Subscribe to the Real Truth for FREE news and analysis.Subscribe Now
In the United Kingdom, a “lost generation” is placing a heavy financial burden on both the taxpayer and economy, costing the UK billions each year.
Of those aged 17-24, approximately 1.2 million are NEETs—young people “Not in Employment, Education or Training.” They are beset with homelessness, unemployment, drug addiction, mental illness and other problems, relying on social programs to survive.
The substantial price tag is making the government and citizens of the United Kingdom take notice. A recent report by the Prince’s Trust broke down the stunning costs of providing for NEETs: 160 billion pounds per year for educational underachievement; 180 million per week for youth unemployment; and 1 billion pounds incurred for crimes committed among this group.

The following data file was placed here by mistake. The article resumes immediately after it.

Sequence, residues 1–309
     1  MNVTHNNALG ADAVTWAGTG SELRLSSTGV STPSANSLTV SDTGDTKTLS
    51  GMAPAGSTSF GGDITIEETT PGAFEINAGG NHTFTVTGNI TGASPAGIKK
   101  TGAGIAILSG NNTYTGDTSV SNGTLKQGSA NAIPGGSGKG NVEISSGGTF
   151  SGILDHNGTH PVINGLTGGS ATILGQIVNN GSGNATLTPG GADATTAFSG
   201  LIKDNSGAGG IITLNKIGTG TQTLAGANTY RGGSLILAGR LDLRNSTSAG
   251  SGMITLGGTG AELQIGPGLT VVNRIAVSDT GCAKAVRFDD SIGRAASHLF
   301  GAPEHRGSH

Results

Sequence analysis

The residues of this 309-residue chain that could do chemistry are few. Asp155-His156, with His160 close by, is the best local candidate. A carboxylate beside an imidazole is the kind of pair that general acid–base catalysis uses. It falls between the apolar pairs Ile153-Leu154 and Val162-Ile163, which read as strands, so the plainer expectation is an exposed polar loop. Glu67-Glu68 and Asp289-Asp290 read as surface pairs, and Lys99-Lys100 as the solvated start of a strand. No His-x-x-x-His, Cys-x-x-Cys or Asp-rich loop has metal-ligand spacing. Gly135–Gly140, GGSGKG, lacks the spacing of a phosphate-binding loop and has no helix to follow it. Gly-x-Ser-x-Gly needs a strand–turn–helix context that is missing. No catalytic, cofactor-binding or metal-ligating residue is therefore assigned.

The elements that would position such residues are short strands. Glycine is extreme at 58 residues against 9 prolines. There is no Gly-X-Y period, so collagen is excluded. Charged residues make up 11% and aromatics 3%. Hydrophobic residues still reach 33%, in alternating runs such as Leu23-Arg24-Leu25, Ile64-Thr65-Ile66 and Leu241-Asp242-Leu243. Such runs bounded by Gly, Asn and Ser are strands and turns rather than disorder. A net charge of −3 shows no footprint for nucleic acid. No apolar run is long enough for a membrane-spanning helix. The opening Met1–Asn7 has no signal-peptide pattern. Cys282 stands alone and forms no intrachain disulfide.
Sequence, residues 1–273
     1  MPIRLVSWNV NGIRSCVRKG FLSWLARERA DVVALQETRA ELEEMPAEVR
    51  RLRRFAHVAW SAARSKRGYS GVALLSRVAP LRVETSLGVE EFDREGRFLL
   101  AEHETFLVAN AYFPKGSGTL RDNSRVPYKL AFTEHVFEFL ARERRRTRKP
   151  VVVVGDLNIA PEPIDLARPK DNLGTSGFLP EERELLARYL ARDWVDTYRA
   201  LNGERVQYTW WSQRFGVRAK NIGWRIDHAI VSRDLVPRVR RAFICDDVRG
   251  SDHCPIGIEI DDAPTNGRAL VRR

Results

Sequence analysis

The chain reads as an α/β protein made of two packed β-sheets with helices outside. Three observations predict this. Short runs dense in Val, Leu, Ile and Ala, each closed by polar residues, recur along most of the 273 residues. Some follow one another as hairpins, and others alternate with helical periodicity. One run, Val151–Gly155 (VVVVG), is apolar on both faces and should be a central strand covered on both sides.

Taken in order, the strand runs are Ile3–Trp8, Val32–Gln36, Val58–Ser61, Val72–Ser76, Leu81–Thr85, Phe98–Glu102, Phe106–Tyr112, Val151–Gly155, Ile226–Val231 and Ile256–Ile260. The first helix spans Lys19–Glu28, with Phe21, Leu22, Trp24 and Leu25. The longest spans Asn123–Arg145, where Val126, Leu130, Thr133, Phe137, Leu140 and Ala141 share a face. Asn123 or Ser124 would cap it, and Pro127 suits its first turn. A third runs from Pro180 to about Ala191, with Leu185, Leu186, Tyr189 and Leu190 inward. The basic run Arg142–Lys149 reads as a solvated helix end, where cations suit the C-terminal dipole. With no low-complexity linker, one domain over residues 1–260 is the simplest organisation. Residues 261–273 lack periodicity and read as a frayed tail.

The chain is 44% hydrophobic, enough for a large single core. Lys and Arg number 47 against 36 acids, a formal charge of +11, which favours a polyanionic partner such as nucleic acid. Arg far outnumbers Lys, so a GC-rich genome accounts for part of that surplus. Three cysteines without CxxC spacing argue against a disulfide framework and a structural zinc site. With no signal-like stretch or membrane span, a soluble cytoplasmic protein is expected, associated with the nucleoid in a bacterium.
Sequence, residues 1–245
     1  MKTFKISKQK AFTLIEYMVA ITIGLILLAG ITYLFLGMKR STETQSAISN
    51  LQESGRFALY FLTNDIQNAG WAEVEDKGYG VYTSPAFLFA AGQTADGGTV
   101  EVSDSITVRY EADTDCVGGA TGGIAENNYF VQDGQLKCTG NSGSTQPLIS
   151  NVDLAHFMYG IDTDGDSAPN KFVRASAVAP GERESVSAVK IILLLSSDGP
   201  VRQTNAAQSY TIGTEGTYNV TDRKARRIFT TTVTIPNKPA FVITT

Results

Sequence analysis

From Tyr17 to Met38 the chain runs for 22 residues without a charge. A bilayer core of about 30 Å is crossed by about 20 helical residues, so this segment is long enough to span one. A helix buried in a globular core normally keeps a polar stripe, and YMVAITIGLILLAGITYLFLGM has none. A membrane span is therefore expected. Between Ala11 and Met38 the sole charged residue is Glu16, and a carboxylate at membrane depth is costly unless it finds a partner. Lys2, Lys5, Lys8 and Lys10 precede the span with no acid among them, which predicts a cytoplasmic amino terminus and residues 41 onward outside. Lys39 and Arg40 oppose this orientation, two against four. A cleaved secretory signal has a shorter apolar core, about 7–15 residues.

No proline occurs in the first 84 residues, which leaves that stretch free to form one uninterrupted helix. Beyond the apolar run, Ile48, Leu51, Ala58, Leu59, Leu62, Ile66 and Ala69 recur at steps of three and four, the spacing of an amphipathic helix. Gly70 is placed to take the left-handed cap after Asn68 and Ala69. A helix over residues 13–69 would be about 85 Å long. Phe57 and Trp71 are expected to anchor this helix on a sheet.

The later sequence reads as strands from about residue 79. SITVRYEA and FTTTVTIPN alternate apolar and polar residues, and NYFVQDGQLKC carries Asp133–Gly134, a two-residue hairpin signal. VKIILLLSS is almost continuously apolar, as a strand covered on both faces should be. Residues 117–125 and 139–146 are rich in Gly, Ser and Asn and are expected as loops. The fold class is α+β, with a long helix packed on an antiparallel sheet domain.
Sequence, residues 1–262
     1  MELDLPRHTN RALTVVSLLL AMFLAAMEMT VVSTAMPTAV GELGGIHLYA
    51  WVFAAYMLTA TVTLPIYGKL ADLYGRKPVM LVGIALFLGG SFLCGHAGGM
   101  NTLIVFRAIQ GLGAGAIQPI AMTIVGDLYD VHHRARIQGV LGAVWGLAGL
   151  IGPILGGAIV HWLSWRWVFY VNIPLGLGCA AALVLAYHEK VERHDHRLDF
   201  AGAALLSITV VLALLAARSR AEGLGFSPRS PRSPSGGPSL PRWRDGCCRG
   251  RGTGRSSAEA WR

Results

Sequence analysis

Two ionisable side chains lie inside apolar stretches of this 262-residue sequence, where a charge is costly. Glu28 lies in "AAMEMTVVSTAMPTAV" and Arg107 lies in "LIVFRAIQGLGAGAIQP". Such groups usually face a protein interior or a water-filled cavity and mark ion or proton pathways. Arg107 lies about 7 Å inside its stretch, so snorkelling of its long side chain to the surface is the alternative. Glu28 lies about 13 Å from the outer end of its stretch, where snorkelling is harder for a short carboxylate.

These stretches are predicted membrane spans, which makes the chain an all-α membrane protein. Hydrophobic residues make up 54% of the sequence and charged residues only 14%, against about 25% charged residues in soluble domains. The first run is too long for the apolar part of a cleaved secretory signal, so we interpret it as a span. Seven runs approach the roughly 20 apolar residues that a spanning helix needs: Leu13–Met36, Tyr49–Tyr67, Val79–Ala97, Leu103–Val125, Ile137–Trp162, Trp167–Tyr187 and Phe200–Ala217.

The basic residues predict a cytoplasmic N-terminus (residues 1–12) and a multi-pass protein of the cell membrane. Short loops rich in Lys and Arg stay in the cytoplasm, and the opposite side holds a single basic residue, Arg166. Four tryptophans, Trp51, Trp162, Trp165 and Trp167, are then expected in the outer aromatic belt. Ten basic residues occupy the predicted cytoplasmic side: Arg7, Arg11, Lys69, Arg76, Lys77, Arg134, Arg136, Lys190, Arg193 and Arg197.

Most problems begin with educational underachievement, poor performance in schooling or dropping out altogether. This makes it difficult to find steady work.
With low-paying jobs or no jobs at all, the NEETs begin lives of poverty, poor health and crime—fostering a reliance on government handouts. The average NEET costs the government 194,000 pounds in his lifetime, with the worst cases costing 600,000 pounds.
Martina Milburn, the chief executive of the Prince’s Trust, stated this about NEETs: “With youth crime costing upwards of 1 billion pounds [$2 billion] and public costs for treating depression at between 11 and 28 million pounds [$22 and 56 million], the total bill for educational underachievement is undeniably huge” (The Telegraph).
“These young people lack confidence and faith in themselves,” Ms. Milburn added. “They are disenchanted to the core.”